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Neag moves up four spots in national rankings

Campus Correspondent

Published: Friday, March 29, 2013

Updated: Friday, August 23, 2013 18:08

Neag

ZARRIN AHMED/The Daily Campus

The Neag School at UConn, pictured above, has jumped fourt spots in U.S. News and World Reports’ ranking

The Neag School of Education Graduate program jumped four spots to No. 28 in U.S. News and World Report’s ranking of graduate education programs.

This jump up the rankings makes UConn the third ranked school in the northeast, behind only Harvard University and Boston College. It also lands Neag at #17 on the list of graduate education programs at public universities.

Neag students are excited about the recognition their school is getting. “I’m excited to be in a program that allows me to be a part of one of the top groups of education students in the country,” said Colleen Barnhart, an undergraduate in Neag’s Integrated Bachelor’s/Master’s program, or IB/M. This program allows undergrads to smoothly transition into the graduate program.

U.S. News ranks individual programs within schools as well, and the findings are bright for UConn. The Special Education program is #12 in the nation, the Elementary Teacher Education is ranked No. 18, and the Secondary Teacher Education is also ranked #18. U.S. News and World Report’s findings examined “approximately 1,500 teacher preparation programs,” said a press release on Neag’s website. UConn’s placement at No. 28 puts Neag in the top 10 percent of all graduate education programs in the country.

Shawn Kornegay, the director of marketing & Communications for Neag, says the reason for Neag’s improved ranking is new faculty hires. “The Neag School is hiring additional faculty to research the causes and consequences of the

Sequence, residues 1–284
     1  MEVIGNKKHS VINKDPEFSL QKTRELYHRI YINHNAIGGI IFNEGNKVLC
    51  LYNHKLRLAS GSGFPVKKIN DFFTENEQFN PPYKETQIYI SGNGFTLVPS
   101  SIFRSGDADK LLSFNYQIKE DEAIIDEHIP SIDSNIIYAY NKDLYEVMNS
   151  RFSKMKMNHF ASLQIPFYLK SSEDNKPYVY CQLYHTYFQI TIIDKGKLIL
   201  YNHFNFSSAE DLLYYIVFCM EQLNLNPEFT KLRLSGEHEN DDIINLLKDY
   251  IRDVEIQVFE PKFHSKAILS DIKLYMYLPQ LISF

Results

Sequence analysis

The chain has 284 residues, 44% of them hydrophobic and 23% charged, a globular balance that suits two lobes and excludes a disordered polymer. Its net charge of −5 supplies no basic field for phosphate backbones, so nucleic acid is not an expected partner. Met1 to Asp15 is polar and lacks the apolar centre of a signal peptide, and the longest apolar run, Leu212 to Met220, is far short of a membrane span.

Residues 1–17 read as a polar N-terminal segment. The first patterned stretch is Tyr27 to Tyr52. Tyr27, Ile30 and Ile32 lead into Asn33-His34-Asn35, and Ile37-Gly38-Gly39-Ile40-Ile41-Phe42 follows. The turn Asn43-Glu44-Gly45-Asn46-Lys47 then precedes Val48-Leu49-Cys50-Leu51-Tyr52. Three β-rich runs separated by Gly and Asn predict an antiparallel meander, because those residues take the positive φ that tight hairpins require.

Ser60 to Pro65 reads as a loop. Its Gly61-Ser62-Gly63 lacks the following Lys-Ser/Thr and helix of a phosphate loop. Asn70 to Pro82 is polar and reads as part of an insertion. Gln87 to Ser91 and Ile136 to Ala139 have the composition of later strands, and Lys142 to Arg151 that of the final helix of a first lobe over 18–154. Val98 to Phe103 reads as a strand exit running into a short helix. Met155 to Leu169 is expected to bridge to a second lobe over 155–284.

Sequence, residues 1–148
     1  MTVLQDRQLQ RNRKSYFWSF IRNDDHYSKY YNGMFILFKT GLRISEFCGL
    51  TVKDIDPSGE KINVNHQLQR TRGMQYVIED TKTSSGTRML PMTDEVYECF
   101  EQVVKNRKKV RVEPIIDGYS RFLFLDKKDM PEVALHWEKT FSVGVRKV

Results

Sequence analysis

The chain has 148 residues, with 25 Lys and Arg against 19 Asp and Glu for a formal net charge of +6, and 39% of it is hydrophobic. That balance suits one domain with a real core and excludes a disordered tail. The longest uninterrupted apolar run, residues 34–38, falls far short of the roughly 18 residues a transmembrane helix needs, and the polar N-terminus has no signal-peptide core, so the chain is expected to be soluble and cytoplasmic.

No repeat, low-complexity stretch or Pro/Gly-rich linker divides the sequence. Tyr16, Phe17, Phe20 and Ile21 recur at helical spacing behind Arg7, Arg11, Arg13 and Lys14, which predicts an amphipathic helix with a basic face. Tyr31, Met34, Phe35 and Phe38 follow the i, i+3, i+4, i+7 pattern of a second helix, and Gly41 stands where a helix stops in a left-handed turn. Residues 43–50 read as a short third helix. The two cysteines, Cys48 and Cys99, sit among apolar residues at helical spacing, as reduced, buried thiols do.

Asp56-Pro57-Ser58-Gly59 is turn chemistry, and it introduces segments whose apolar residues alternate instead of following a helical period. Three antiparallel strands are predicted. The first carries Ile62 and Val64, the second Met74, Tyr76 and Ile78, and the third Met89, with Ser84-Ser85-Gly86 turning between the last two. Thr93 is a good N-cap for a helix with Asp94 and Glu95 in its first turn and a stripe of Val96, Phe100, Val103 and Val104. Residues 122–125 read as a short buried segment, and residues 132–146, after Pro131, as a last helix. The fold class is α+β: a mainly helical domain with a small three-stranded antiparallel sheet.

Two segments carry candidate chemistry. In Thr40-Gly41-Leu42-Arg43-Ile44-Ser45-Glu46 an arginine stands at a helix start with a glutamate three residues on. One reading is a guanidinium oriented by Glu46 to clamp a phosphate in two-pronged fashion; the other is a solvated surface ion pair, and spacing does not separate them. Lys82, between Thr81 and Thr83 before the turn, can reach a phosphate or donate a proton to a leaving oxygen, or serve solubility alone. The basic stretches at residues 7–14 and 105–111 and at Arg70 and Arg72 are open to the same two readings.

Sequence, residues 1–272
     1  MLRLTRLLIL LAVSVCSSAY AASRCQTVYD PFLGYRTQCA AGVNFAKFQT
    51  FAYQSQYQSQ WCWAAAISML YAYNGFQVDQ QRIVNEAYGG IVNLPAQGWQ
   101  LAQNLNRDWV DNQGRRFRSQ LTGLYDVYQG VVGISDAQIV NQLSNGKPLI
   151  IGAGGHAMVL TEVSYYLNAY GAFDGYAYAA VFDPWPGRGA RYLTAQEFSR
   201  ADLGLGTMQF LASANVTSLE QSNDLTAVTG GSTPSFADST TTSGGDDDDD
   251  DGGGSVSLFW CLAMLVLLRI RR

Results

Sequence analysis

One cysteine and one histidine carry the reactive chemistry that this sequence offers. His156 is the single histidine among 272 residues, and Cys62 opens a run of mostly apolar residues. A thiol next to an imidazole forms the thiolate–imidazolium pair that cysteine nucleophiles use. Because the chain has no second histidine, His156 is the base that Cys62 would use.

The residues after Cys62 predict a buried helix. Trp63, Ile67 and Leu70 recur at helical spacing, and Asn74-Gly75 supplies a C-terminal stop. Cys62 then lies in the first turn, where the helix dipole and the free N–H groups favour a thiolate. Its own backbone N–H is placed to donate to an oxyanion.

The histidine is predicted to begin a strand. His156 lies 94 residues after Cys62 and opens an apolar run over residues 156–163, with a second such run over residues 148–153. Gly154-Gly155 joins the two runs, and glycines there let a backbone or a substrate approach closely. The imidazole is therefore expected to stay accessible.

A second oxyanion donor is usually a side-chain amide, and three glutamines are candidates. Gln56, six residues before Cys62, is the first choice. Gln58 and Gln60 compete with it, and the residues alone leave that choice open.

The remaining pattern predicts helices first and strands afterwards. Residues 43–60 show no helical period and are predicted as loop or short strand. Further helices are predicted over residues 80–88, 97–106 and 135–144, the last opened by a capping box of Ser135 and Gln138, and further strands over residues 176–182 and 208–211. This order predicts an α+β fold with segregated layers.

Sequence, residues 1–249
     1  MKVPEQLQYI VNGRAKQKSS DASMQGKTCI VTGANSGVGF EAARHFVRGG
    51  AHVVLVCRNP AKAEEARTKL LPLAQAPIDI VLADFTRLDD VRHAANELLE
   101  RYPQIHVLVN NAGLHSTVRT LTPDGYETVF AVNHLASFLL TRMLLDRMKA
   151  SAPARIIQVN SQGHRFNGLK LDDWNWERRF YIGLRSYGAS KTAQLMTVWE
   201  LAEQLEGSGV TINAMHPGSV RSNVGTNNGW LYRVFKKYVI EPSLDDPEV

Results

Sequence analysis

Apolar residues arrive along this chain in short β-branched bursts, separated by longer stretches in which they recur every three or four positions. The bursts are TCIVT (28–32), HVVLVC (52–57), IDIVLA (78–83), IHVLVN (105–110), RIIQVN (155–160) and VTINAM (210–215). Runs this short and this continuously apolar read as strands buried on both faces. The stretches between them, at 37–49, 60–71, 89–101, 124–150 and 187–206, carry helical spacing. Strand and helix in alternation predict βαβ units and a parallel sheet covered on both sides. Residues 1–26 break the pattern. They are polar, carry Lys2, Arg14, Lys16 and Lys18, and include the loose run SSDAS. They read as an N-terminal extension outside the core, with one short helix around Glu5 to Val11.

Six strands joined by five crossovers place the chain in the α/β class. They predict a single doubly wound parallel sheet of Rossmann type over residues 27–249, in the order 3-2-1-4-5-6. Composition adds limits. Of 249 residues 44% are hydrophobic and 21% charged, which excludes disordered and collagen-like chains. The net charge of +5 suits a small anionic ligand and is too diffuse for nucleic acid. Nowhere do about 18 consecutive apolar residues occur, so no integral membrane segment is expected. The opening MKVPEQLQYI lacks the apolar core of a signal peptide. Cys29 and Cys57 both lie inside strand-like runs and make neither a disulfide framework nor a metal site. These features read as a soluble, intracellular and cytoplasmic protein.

achievement gap and find policy and practice solutions designed to close
it,” said Kornegay. “This information was shared with peer education leaders, which contributed, in part, to our rise in the rankings.”

Thomas DeFranco, the dean of Neag, believes that Neag owes it success partially to the work it does with the public schools in Connecticut. “Faculty within the Neag School are not only focused on research and scholarship, they are committed to working in partnership with classroom teachers and educational stakeholders across the state, sharing information about best practices and improving the academic performance of children,” said DeFranco.

“The drive to improve and make Neag as good as it can possibly be is something you can notice very easily in the faculty and staff,” said Barnhart. “We want to be the best, and the school is working hard at that goal.”

“Our goal is to produce highly qualified teachers, principals, superintendents and health professionals who will impact the academic performance and health and well-being of children and adults in Connecticut and in the nation,” said DeFranco.

 

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